A local saxophonist will be sounding the horn for the island to reassess its pandemic policy on busking in a peaceful protest this weekend.
Philip Le Claire previously performed in town to raise money for charities including the Salvation Army, Jersey Youth Performing Arts and the John Lobb Trust.
However, earlier this year, he and other buskers were given a message from the Arts Centre, which handles busking permits, saying that singing or playing wind instruments while busking wasn’t allowed. Under Government guidance, playing wind and brass instruments inside or outside is "very strongly discouraged", with the practice deemed a "high covid-19 risk because infectious respiratory droplets can be sprayed or propelled further."
This meant Philip, who is also the founder of Autism Jersey, could no longer raise money for charities, which he was doing through his playing in town.
Sharing his frustration at the rule with Express, Philip referenced research suggesting that singing is no more harmful than speaking loudly.
Pictured: Philip led a "peaceful protest" for struggling musicians and artists last Saturday, and will be doing so again this Saturday.
Though he emphasised that he thought food stalls were “great”, he explained: “I looked at this guy who was serving street food – they were taking money without gloves and there was a queue of people all around this little stall.”
He added that he “couldn’t get [his] head around” why that was allowed, while playing wind instruments and singing busking at a safe distance was not, noting that “town is a sadder place” without its buskers.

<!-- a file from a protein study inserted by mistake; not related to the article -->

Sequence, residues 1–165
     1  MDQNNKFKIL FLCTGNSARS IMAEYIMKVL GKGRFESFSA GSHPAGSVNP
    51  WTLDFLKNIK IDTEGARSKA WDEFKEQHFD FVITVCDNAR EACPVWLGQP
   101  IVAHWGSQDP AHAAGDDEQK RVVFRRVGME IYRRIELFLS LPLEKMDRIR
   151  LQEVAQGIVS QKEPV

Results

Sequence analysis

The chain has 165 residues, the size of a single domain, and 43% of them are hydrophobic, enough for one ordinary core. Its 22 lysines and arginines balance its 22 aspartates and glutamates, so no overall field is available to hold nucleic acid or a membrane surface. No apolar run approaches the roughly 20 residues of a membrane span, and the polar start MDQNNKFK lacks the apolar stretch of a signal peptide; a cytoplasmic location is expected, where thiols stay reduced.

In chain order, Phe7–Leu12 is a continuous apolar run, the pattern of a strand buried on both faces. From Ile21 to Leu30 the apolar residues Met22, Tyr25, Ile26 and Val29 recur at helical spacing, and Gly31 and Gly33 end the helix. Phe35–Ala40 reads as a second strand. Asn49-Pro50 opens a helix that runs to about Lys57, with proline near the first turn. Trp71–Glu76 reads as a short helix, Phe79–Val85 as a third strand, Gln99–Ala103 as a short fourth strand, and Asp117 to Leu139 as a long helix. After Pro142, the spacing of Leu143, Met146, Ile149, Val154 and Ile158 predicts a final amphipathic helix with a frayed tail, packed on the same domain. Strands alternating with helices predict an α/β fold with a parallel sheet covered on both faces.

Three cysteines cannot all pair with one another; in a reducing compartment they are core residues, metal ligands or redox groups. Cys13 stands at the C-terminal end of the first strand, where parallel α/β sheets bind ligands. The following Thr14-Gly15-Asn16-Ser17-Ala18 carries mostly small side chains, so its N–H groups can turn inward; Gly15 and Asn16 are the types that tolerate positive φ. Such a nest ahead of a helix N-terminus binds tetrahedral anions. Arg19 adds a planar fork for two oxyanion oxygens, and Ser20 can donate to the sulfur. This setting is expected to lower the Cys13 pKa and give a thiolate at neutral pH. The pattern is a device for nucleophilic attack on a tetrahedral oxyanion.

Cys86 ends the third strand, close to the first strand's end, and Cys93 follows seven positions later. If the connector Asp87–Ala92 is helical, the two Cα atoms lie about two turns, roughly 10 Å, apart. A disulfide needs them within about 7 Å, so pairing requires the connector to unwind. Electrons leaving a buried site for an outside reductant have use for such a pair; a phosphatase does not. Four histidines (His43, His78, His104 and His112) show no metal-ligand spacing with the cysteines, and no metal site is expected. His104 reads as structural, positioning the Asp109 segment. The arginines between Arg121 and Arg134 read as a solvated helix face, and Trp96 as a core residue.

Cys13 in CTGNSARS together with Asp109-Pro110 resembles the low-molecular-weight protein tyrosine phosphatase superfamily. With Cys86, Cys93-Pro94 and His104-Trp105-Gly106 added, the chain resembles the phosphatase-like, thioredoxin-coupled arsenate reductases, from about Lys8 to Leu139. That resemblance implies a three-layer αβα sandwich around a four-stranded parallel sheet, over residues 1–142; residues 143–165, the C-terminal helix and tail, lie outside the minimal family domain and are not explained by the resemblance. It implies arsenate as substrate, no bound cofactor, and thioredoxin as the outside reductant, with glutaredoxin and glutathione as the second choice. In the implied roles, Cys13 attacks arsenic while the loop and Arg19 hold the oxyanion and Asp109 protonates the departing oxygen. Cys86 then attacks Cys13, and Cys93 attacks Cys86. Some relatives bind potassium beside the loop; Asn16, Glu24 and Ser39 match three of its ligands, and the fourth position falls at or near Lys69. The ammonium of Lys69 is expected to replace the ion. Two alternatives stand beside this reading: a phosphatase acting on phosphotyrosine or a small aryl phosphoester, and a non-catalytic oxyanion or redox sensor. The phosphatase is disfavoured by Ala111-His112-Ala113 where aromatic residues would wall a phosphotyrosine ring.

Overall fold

Referencing Deputy Inna Gardiner’s recent championing of the hair and beauty sector, Philip said he wanted musicians and artists to get similar support.
“We’re not demanding that we’re allowed to play - we’re just asking for the same fair crack of the whip and making sure that the arts aren’t being left behind.”
He added: “Please give us the same opportunity to use our craft, whether it’s to raise income or to raise funds for charities who are all suffering desperately for opportunities to fundraise.”
Pictured: The Arts Centre is responsible for issuing buskers' permits.
To raise awareness of artists struggling, Philip led an event last Saturday, and is planning to do the same this weekend too.
Philip said that he wanted “musicians and singers to come along – to stand around, and play the first few bars of Beautiful Jersey – then stop dead, just like the music did back in March.”
The protest will be taking place at 14:00 in the Royal Square.
Jersey Arts Centre said: "Throughout the Coronavirus pandemic Jersey Arts Centre has acted in accordance with the guidelines from Public Health and the Government of Jersey: 'Singing and the use of wind and brass instruments present a high COVID-19 risk because infectious respiratory droplets can be sprayed or propelled further. Accordingly, across business, social and community contexts, singing, in addition to woodwind and brass music, is very strongly discouraged both outdoors and indoors.'"
Express has contacted the Government for comment and is awaiting their response.
Comments on this story express the views of the commentator only, not Bailiwick Publishing. We are unable to guarantee the accuracy of any of those comments.
Once your comment has been submitted, it won’t appear immediately. There is no need to submit it more than once. Comments are published at the discretion of Bailiwick Publishing, and will include your username.
There are no comments for this article.